ADVISORY OPINION NO. 92-EC-021
Issued October 22, 1992
Mr. John Stapp
Route 1, Box 85
Rudy, AR 72952
Dear Mr. Stapp:
On September 3, 1992, this office received your request for an official opinion under authority of Initiated Act 1 of 1988 and Initiated Act 1 of 1990.
Your question is based on the following facts:
You are a candidate for public office who is financing his own campaign. You are financing that campaign from your personal funds, which are contained in a joint bank account controlled by yourself and your wife. During your campaign you have purchased services or supplies on many occasions, usually paying by signing a personal check. On more than one such occasion your wife actually signed the check to pay for the services or supplies, rather than yourself. The total amount of the checks signed by her would exceed the limit on the amount an individual may contribute to a candidate's campaign.
Your question, paraphrased, is: In a situation where a candidate and his wife have a joint bank account, such as the one described above, and the wife signs checks drawn on the joint account to pay campaign supplies or services ordered by the candidate and the amount of the checks which would exceed her contribution limit, has she violated Arkansas law?
Arkansas law provides no exemption for spouses, nor makes any distinction between the spouse and other "persons", in limiting the amount a person may contribute to a candidate for public office. Therefore, we interpret the law to prohibit spouses from contributing more than one thousand dollars ($1000), per election, to a spouse who is a candidate for public office.
The situation you describe is not clearly a contribution from your spouse. We must decide if the expenditures you describe fit into the prohibited contribution area contemplated by our statutes: the funds that you and your wife share in your joint account apparently could have been spent just as effectively with your signature on the check as hers. We are aware that, had you been conscience of the prohibition against a spouse contributing over one thousand dollars ($1000) you could and certainly would have simply signed the check yourself. It was only through apparent happenstance, rather than a design to circumvent the law, that she signed checks drawing funds from that account for the benefit of your campaign. As we must make some determination, we determine that the funds were contributed by you. Your wife signed checks on your account as your agent, not as a contributor. Our analysis of the set of facts you describe appears to fit more squarely into the exceptions granted in our statutes to candidates to contribute unlimited amounts of funds to his or her own campaign.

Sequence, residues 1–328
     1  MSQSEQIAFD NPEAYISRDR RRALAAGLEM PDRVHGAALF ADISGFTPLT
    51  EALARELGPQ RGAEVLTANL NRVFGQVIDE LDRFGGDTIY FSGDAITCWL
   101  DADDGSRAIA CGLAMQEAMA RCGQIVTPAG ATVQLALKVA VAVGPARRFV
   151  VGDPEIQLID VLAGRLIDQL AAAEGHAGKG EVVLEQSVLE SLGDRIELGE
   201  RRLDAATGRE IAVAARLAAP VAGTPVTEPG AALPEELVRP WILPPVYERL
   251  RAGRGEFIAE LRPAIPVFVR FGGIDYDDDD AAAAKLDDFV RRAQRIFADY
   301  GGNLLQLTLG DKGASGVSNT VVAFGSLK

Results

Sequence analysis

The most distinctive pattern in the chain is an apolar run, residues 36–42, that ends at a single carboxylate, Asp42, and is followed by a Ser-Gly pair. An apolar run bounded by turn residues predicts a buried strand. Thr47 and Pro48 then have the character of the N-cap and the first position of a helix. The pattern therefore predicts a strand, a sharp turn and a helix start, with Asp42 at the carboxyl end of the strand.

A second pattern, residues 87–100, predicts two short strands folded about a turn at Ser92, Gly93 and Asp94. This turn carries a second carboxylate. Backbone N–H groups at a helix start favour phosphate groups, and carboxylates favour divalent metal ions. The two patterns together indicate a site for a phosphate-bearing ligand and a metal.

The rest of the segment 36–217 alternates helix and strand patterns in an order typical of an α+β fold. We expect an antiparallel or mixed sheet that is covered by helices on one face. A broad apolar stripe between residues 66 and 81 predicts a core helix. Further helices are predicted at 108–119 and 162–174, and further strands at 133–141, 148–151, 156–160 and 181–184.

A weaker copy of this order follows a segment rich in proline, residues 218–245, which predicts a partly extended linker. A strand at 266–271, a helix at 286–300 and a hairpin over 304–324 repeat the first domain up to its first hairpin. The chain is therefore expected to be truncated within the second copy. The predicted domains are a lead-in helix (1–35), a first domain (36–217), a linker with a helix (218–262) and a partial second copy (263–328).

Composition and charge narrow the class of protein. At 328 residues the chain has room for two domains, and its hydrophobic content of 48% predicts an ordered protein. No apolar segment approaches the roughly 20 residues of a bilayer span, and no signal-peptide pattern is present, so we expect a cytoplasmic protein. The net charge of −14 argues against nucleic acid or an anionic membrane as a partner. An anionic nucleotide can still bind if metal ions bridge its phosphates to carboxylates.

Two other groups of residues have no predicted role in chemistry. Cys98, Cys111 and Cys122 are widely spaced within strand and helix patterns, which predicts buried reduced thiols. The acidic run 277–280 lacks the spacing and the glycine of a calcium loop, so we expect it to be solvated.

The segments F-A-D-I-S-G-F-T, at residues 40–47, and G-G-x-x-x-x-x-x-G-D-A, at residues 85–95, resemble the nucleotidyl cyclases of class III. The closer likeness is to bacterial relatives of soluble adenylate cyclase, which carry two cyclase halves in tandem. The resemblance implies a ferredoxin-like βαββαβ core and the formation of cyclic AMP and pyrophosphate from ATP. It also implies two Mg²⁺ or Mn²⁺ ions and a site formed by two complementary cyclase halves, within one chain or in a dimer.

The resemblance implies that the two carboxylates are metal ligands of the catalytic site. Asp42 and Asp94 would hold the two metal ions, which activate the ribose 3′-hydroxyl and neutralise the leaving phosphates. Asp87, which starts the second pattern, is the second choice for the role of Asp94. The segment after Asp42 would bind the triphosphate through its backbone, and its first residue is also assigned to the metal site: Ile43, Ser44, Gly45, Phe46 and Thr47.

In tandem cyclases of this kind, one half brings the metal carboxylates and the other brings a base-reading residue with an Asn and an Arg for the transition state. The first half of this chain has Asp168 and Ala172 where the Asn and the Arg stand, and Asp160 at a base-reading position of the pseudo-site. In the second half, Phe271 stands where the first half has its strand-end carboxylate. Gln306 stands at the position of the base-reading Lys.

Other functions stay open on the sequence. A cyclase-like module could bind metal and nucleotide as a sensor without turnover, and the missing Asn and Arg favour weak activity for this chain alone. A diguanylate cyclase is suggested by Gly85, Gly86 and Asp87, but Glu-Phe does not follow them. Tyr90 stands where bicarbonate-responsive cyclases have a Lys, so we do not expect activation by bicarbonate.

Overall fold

Note that we clearly interpret Arkansas law as prohibiting a person from contributing more than the statutory limit to his or her candidate spouse. Where there are joint accounts used to finance a candidate's campaign, a factual determination must be made as to whether there is intent to circumvent the statutory contribution limits. Our factual determination may be
different when the joint account in question is one of several accounts the spouses may control; where it appears the account was opened simply to allow unlimited contributions; or where the joint account is one with a business partner, associate or the like.
Jack R. Kearney